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  1. From Billy Graham to Bob Dylan, how a youth movement briefly changed the world.

    Imagine Christianity suddenly became cool.

    It may seem impossible, especially since Christianity has always been rooted in timeless tradition and wisdom.

    Sure, pop musicians and actors may embrace the Christian faith in carefully considered ways, but when talking about it, they tend to keep their theological cards close to the vest.

    What if rebirth, exclusivity of the gospel for salvation, good works accompanying genuine faith, and an explicit hope for Christ’s second coming became explicit as part of a cultural phenomenon?

    On the second episode of Living & Effective, Richard Clark explores the origins and effects of one of the most impactful Christian youth culture movements in modern history. With special guests Larry Eskeridge, Greg Thornbury, and Trevin Wax, Clark finds out exactly how the Jesus Movement was so successful in thrusting the Bible into the mainstream, and what happened after public fascination with the movement faded away.

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  2. The odd Old Testament episode is a sharp reminder of our need for Jesus.

    It’s been a bad year for pastoral scandals in the church. Whether Roman Catholic cardinals or high-profile Protestant pastors, it’s been devastating and sobering to read about sins and abuses by those entrusted to preach the gospel and shepherd God’s people.

    Besides the horror of the abuses themselves, the sharp contrast between an outwardly successful ministry and the apparent darkness within is deeply discouraging. If our spiritual leaders cannot be trusted, who can?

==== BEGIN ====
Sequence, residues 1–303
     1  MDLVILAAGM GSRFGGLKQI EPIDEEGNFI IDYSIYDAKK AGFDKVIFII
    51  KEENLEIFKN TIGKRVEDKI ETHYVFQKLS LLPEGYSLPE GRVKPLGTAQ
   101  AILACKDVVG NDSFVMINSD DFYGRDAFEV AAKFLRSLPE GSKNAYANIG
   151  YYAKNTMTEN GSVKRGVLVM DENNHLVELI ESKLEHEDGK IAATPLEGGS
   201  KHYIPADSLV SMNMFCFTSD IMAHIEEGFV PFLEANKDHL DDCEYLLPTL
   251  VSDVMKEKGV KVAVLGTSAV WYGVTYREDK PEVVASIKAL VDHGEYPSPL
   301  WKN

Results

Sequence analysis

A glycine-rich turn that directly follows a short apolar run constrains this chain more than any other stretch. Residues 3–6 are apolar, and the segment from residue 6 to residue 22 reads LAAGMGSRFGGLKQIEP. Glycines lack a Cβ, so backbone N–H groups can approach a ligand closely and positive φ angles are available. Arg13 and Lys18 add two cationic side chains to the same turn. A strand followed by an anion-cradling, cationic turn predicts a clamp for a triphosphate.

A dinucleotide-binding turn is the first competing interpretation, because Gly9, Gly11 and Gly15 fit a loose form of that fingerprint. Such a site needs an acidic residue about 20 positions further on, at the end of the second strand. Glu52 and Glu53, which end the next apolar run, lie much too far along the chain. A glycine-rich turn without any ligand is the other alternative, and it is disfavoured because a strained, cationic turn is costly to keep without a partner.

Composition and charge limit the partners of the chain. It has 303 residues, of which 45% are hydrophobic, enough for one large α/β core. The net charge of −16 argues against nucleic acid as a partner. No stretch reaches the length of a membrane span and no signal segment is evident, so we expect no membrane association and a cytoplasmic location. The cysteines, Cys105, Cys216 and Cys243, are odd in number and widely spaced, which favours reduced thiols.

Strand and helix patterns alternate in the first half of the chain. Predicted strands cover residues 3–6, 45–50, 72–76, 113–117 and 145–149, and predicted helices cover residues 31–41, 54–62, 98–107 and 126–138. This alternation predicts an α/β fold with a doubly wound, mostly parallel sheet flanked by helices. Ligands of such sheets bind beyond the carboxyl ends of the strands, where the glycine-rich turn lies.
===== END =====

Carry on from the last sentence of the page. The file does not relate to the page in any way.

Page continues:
I’m reminded of the shocking deaths of Nadab and Abihu by divine fire in Leviticus 10. At this point in the Hebrews’ journey to the Promised Land, things are going swimmingly. The Tabernacle is built. Moses has the instructions for the sacrifices. Aaron and his sons are being consecrated for ministry. On cue, God’s glory appears, and fire consumes the burnt offering; the people are overjoyed (Lev. 9:24). But that joy suddenly turns to shock and sorrow when Aaron’s sons try to offer up fire to the Lord—and flames burst forth and consume them instead (10:1–2).

    Most read this and naturally balk, asking, “Why is God so harsh? Isn’t this just another sign of an arbitrary, angry, erratic God?”

    The natural question isn’t always the right one, especially when taking the whole narrative context into account. This is the merciful God who redeemed Israel from Egypt, met them at Sinai, gave the covenant Law, forgave their infidelity with the golden calf, and instituted the priesthood and sacrifices precisely so sinful Israel could enjoy his holy Presence. We should ponder instead, “What went wrong?”

    Leviticus is light on explanation, but there are a few narrative clues. For one, the fire...

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